[Wikimedia-l] Why is bank transfer no longer possible?

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Re: [Wikimedia-l] Why is bank transfer no longer possible?

Gerard Meijssen-3
Hoi,
Do not be daft. The Wikimedia Foundation centralised its fundraising. It
said that it would do a better job. Seen from a central periphery model, it
probably does, However seen from the Netherlands it is rather silly.,

Pooh poohing this away with "you can donate time as well" is fine when you
are in the centre.

Recently chapters were told to fundraise. There is a point to that but it
is also a specific skill. It is not smart to develop such skills and not
make use of it in what is effectively the biggest fundraiser for a chapter.

We are discussing,yet again, the text and approach of the fundraiser and we
are yet again going through the same moves.  We are a movement and the
Wikimedia Foundation is not it. It does not optimise the opportunities for
all of us. In the Netherlands, I would not be surprised when the amount of
fundraising could at least double with local involvement.
Thanks,
       GerardM

On 30 November 2014 at 03:36, MZMcBride <[hidden email]> wrote:

> Wikimedia always accepts donations. If the Wikimedia Foundation can't
> figure out a way to easily accept monetary donations from Dutch
> Wikimedians, why not simply focus efforts on non-monetary donations?
> Edits and other wiki contributions are far more valuable, in my opinion.
> Wikimedia Nederland seems to already be doing a lot of great work
> encouraging these types of contributions (e.g., Wiki Loves [X]). :-)
>
> For the past few years I've seen it as fairly low-hanging fruit to create
> a tongue-in-cheek "don't donate to Wikipedia" or "donate time instead" or
> similar campaign. Or even register "DonateToWikipedia.org" and send
> visitors to the edit form of an article that needs love. When people ask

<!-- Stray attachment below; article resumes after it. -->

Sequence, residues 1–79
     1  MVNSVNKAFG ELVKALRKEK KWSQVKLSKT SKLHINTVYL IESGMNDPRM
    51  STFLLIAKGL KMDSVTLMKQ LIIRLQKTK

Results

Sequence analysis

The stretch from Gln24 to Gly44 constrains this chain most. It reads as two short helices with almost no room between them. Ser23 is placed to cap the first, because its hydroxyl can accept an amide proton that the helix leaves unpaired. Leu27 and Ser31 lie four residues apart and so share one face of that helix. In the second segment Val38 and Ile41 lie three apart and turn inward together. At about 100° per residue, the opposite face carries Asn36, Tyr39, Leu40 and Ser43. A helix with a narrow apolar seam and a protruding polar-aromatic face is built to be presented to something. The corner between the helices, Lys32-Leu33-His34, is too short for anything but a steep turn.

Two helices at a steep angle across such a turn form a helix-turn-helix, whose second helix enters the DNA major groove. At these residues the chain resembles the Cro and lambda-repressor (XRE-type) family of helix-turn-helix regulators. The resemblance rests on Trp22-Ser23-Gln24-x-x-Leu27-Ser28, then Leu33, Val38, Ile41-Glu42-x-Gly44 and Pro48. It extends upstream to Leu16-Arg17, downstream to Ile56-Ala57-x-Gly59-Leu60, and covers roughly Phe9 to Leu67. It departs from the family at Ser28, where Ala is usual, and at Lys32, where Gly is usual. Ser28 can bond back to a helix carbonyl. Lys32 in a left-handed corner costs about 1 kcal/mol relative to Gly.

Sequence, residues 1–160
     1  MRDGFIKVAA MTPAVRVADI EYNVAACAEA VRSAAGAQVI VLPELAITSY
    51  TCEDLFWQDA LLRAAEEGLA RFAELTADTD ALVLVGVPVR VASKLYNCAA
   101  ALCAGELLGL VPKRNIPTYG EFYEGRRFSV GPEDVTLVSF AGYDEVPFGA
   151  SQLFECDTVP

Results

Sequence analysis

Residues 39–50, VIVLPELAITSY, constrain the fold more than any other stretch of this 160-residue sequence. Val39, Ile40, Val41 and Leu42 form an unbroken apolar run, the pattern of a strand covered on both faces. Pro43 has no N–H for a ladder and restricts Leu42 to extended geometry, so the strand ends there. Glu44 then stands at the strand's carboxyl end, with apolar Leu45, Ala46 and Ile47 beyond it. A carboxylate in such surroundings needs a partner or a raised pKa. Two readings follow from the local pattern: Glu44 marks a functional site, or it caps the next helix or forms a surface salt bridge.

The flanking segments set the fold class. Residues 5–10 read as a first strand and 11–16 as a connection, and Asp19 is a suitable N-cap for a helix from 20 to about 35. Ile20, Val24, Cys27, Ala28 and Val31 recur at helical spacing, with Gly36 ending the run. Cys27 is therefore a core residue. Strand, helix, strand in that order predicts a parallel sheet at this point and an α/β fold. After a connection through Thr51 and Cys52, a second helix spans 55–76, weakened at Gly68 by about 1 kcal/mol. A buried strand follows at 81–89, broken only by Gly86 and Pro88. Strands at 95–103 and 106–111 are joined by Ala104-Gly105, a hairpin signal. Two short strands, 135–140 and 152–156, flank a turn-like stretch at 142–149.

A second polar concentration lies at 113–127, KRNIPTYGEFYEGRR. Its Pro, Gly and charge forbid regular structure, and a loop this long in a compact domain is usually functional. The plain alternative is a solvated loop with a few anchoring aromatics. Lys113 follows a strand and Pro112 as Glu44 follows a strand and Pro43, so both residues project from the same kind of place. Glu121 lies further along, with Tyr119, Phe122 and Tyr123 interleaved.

> me in real-life about donating to Wikipedia (nobody knows what Wikimedia
> is), I typically suggest making a few edits instead of donating money
> directly. I don't think the Wikimedia Foundation really needs the money
> and I think volunteer time is worth significantly more.
>
> MZMcBride
>
>
>
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Re: [Wikimedia-l] Why is bank transfer no longer possible?

Fæ
In reply to this post by Lodewijk
On 30 November 2014 at 07:35, Gerard Meijssen <[hidden email]> wrote:
...
> Do not be daft. The Wikimedia Foundation centralised its fundraising. It
> said that it would do a better job. Seen from a central periphery model, it
> probably does, However seen from the Netherlands it is rather silly.,
...

I believe that the current process of centralizing funds in the USA
that are actually taken in Europe and then paid out outside of the USA
is *highly* inefficient. By the time the WMF and local organization
(i.e. chapter, thorg, user group or project) costs of fundraising,
grant applications, administration and reporting, payment costs and
significant tax burden are considered, this (avoidable system) throws
away at least 40c out of each donated $1 before we can even start
calculating the extra administration costs/wastage from that point on,
which as a past Chapter chair, I know can easily be a further 50%
compounded on the cost.

Despite this being raised several times over the last few years, no
chapter or the WMF has unambiguously or straight-forwardly calculated
the true end-to-end processing costs. As a consequence, this can only
be a guesstimate based on experience.

Fae
--
[hidden email] https://commons.wikimedia.org/wiki/User:Fae

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Re: [Wikimedia-l] Why is bank transfer no longer possible?

rupert THURNER-2
In reply to this post by MZMcBride-2
hi mz,

you are right, the whole wikipedia is built by volunteer time and
could have not been built otherwise. so volunteer time clearly is
worth significantly more. i sometimes feel ripped off as a volunteer.
first i donate my time, and then people approach me to addtionally
spend money for a conference, like last year in geneva 250eur for an
open knowledge conference. or i want to meet a person who is not
wealthy enough to pay her trip to london within the UK, and there is
no way to get her a 100 gbp, as happend last year. wmf is not capable
- i should have planned this a year in advance. wmch would be flexible
enough but a different country and punished by WMF for beeing
flexible. wmuk does not have a budget for such a strange thing, and it
should have known it in advance as well.

so where should this money come from? the easiest and cheapest is:
take the money from the website. coupled with a more flexible,
localised spending scheme. so WMCH or WMUK could pay this without
headache. but WMF does not want this. out of 60 mio usd income, 52 mio
or 86% is spent by the wikimedia foundation, yearly increasing. and
most of it is spent in the united states.

some time in future even wmf persons will recognize that if i would be
perfectly organized and most intelligent person in the world i would
use zero time for wikipedia. i'd instead sell my time as expensive as
possible, and i'd be rich as bill gates. the foundation, and even some
chapters, give the impression only perfect persons are good enough for
them. or, even worse, treat them deliberatly like cattle. the core of